Mentoring Profile #11: Dr. Russell Clark Ford

My oldest brother Ruseell currently teaches Philosophy at Elmhurst College in Chicago.  He is six years older than me, beat the crap out of me (like all older brothers I’m told) when we were young, is my half brother through my Mom, and is still a great friend.

I had to wait on writing about brothers (next older brother will be forthcoming) because it is difficult to narrow mentoring when there is this much context.

Latter day additions to our relationship include the seeming ability to talk about anything, a psychological dialogue as we are both pretty reflective and pretty okay being reflective, and hacking sessions where Mom takes us to school on the golf course.

The formative moment that comes to mind is maybe my 11th or 12th birthday he gave me three books – the first 3 books in the Xanth series by Piers Anthony: A Spell for Chameleon, The Source of Magic, and Castle Roogna (I went on to read maybe 15 Xanth books, and probably 20 other Anthony books; especially enjoying the Apprentice Adept series).  I don’t know how intentional his choice was, but I know it got me reading and reading series’.  As I moved around fantasy, science fiction, historical fiction (also very dependent upon my Mom and Step-Mom who saw a good desire and always fueled it), etc I would compare it with the books on his shelves.  I remember wondering if Asimov’s series Foundation was okay (it was), Dune, and probably my favorite from this genre Ender’s War.

The second moment I recall was when I began learning things he knew nothing about – in this case, Hebrew (undergrad, yep, I am a dork who took Hebrew in undergrad).  I remember it because I passed a significant threshold in our relationship and conversation could now happen at a different level.  But really I was mentored to desire that threshold.  Do you know what I mean?  My brother always read well, in and out of school, did well in school (to my knowledge anyway), and was interested in spirited conversation about what he was learning and could learn from others.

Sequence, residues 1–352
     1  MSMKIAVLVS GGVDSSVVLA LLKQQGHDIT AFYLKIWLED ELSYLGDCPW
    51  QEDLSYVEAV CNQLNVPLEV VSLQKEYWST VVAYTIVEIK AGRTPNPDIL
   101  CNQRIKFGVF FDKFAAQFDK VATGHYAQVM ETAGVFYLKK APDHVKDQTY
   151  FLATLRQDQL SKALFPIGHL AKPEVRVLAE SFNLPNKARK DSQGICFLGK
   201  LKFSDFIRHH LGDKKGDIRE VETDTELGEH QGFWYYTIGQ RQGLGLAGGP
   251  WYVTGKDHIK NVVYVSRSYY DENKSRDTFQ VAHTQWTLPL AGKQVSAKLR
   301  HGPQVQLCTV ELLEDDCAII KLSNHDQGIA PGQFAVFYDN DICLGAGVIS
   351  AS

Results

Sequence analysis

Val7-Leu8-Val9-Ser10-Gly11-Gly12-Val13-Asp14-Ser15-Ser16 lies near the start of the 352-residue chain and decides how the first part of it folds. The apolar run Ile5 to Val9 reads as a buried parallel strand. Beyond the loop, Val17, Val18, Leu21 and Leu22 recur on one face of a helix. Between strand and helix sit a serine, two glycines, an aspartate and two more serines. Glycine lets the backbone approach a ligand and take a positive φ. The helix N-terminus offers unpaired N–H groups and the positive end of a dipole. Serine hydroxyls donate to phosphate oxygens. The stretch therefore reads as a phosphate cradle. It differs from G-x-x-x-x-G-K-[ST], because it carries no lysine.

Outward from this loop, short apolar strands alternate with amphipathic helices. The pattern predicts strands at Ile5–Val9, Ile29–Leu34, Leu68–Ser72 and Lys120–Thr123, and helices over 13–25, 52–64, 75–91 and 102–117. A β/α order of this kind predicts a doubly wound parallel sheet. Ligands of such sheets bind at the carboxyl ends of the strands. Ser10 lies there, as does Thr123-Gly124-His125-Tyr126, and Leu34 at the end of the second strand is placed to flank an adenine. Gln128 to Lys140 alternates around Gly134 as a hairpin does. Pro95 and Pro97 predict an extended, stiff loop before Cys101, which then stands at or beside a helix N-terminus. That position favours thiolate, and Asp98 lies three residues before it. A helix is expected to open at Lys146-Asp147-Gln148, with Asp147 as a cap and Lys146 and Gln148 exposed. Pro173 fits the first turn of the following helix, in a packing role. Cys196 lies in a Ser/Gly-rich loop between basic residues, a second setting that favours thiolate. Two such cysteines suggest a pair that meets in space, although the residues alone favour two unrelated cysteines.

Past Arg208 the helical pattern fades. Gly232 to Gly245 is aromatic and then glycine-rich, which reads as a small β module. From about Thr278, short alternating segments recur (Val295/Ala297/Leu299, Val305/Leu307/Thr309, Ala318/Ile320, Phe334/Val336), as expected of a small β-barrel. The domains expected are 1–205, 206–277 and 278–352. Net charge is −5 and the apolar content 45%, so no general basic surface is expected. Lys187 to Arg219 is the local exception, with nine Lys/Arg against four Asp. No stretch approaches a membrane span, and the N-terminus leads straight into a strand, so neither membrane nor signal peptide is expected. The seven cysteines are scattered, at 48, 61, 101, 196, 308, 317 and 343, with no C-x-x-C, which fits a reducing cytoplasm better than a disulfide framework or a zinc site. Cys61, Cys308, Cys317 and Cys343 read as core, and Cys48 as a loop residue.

So, the importance of the Hebrew moment was that it later impressed a Bridesmaid (She was Jewish, and when I found this out I recited Genesis 1:1 on the spot).  I mean, the importance was that Russ mentored me to care about learning, education, my mind, and the ability to dialogue respectfully but thoughtfully.

So – love of reading, love of education and dialogue.  With these, the lasting effect is one where I am not afraid of ideas.  I have always been confused when doubt is portrayed a certain way by religious folk.  Definitions are probably part of this equation, but I have just never been worried about ‘falling’ into some erroneous doctrine, some fact or lack thereof that would dismantle my epistemology (way of believing), theology, or overall world view.  Some of this comes from a professor I had in college also, but I think Russ set me up for success – with people, ideas, dialogue, and learning in general.  I can’t remember how into Facebook he is anymore, but Russ, if you read this, Thanks!

One response to “Mentoring Profile #11: Dr. Russell Clark Ford

  1. Pingback: Underworld | Matt Blazer's Blog

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